Sunday, March 9, 2014
Subject: Belief-based arguments
Believer: The case against Bruce Ivins is full of holes.
Researcher: What makes you say that? Like what?
Believer: It would have been impossible for Dr. Ivins to have grown all the spores in all the letters in shaking flasks without someone noticing what he was doing. Even with the shakers running 24-hours a day, it would have taken him about a year!
Researcher: But, the facts say that the spores weren't grown in shaking flasks. They were grown in autoclave biosafety bags in a corner somewhere - probably in his lab.
Believer: What facts?
Researcher: First of all, the spore powders contained traces of agar. You use agar when growing spores in plates. You do not use agar in shaking flasks. Secondly, there was no sign of the kind of growth media they use in shaking flasks. Thirdly, the spores showed signs of growing "under stress," which occurs when they grow at less than the ideal temperatures in an incubator.
Believer: Where did you read that? They didn't say that in the Amerithrax Investigative Summary.
Researcher: It's in the supporting documents. The University of Maryland assisted with the testing, and they found traces of agar in both the New York Post and the Leahy powders.
Believer: It would still have taken a lot of plates and a lot of time, wouldn't it? People would have noticed.
Researcher: No, it wouldn't and they wouldn't. Growing spores on plates was part of Ivins' job. He would inoculate about 180 plates a day when preparing for challenges. And, according to the National Academy of Sciences, it would only have taken 463 plates to grow all the spores in all the powders. Ivins used 546 plates for some mice tests shortly before the attacks. If you leave those plates in autoclave bags for a week or two, you'll have all the spores needed for the letters. And, if anyone noticed the autoclave bags lying around, they didn't say anything, because Ivins was known to leave such things lying around for weeks. They'd grown used to it. So, no one ever said anything. And, he used flask RMR-1029 as the source for the seed spores, so the spores on those plates would be exact matches to what was in the letters.
Believer: But Ivins would have had to dry the spores. Ivins didn't know how to dry spores, and he couldn't possibly have used the lyophilizer that was located in Suite B3.
Researcher: That's just more nonsense. Every microbiologist knows how to dry spores. They all know that if they leave a Petri dish inoculated with anthrax alone, in a couple weeks it will be covered with DRY spores. Like everything else, anthrax spores will dry all by themselves if left exposed to the air. Ivins could dry all the spores he needed in 2 and a half hours inside the bio-safety cabinet in his lab. He could speed up the drying process by adding heat. He certainly didn't need a lyophilizer. The FBI and DOJ only mentioned the lyophilizer because Ivins lied and claimed he didn't know how to use it. Plus, they could not prove that Ivins did NOT dry the attack spores using the lyophilizer. The idea that Ivins wouldn't have known how to clean up after himself is just more nonsense.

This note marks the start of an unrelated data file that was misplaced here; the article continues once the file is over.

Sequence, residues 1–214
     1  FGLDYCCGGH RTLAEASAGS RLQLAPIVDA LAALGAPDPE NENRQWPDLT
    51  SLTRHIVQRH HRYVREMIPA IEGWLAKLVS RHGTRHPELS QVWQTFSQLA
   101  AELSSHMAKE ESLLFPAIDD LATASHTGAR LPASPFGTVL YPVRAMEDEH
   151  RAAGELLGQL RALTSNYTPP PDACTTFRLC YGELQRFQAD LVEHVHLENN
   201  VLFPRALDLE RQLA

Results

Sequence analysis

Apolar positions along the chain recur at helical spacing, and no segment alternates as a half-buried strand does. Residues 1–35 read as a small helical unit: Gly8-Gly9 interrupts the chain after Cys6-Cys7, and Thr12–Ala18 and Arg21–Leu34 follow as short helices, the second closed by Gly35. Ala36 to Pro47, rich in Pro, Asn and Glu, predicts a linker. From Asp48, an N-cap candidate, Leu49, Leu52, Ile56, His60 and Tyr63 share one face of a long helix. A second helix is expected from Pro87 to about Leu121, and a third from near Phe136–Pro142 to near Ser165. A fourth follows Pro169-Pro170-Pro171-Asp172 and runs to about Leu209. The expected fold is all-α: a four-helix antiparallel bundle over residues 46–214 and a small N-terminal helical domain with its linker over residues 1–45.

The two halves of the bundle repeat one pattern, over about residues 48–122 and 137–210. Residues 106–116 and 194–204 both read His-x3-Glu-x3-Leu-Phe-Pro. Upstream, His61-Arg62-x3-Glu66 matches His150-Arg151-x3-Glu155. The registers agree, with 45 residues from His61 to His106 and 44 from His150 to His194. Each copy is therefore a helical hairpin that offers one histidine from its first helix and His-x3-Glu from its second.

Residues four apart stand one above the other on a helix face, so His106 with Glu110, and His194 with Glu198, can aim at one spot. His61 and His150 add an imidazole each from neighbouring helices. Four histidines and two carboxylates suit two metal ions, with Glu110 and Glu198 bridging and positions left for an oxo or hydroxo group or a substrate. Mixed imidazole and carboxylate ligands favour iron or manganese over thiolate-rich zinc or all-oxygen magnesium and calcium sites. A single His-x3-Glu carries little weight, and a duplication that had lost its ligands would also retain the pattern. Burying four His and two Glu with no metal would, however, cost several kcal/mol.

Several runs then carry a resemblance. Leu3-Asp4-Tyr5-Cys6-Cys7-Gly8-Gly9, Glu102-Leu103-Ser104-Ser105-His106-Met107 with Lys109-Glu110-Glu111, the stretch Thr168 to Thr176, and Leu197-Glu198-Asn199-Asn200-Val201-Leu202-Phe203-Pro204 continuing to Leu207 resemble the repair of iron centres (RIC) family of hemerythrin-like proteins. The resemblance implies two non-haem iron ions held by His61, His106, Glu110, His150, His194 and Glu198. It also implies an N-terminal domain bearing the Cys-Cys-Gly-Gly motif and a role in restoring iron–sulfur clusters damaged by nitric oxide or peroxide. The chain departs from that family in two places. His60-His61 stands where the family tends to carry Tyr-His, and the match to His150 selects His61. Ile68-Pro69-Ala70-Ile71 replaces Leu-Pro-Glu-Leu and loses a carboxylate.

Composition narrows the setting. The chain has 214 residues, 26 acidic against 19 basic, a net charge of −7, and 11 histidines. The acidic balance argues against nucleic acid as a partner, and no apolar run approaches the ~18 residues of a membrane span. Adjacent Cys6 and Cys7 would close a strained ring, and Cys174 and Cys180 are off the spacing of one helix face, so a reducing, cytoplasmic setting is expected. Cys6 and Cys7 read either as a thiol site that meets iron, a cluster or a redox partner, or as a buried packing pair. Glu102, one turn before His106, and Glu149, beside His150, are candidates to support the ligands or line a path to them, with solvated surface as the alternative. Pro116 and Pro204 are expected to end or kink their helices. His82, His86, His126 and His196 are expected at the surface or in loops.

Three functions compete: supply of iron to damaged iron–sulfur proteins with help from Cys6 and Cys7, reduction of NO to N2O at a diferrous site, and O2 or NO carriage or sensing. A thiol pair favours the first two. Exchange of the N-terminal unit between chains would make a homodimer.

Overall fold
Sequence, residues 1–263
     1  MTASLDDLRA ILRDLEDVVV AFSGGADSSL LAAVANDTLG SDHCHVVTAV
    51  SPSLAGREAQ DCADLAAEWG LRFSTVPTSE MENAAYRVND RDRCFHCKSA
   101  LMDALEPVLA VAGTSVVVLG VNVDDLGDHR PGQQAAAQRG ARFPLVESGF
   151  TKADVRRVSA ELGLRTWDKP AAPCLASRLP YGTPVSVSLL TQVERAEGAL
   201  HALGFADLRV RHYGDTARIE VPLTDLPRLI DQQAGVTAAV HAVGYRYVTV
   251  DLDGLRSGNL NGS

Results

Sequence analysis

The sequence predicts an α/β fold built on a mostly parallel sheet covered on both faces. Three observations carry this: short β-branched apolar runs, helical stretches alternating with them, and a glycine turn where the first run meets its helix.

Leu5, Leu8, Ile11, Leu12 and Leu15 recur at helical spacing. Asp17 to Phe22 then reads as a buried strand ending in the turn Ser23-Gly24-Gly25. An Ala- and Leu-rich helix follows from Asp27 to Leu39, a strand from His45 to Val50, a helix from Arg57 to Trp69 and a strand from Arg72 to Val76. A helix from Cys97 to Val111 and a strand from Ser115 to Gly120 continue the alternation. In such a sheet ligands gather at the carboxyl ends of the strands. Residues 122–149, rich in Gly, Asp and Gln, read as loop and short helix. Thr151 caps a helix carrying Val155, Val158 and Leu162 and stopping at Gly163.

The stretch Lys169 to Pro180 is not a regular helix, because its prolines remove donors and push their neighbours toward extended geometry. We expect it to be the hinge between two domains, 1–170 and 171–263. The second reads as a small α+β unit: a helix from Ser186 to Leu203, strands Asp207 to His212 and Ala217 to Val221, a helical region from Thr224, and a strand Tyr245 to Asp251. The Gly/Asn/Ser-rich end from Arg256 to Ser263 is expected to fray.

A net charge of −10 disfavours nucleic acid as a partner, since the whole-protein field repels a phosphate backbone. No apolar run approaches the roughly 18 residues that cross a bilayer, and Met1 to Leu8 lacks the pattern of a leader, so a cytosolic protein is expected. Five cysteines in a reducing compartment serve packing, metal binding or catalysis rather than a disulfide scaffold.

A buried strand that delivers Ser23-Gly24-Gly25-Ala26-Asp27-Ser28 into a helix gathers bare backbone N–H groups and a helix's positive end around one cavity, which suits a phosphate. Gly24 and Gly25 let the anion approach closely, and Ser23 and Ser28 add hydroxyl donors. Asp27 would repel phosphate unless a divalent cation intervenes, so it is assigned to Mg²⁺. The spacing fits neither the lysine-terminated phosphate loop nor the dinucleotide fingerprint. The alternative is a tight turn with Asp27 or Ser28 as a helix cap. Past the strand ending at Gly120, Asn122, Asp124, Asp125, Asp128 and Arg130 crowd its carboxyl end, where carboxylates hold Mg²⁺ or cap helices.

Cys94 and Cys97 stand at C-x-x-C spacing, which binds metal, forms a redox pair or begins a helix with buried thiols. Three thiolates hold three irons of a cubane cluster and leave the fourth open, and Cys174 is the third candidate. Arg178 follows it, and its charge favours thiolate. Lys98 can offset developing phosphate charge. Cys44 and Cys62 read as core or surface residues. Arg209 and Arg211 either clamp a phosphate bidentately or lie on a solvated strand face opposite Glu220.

Believer: But, but, but, there are people who claim the spores were weaponized with silica. Ivins didn't know how to do that.
Researcher: The spores were NOT weaponized with silica. Silicon from the growth media gets absorbed into spore coats when spores are grown at room temperature. Ivins grew the spores at room temperature in autoclave bags in a corner of his lab. It's just crazy to assume that because it is the standard procedure at USAMRIID to grow spores in an incubator at higher temperatures, that a microbiologist like Ivins wouldn't know that spores can also grow at room temperatures. There's testimony from witnesses who looked at plates Ivins left around inside autoclave bags for weeks, and those plates were covered with dry or nearly dry anthrax spores. And, any competent microbiologist knows that if you let spores dry in the open air they can aerosolize all by themselves and kill you. Nature makes them that way.
Believer: There's no proof that Ivins knew that silicon would be absorbed into spore coats from the growth media.
Researcher: So what? Ivins made the spores in flask RMR-1030, and 6 percent of those spores had the same silicon signature as the attack spores. So, there IS proof that Ivins could create spores with that silicon signature -- even if he didn't know what he was doing. It's so easy to do that he could do it unintentionally.
Believer: Well, I don't care what the facts say, I'm going to believe what I want to believe.
Researcher: Yes, I know.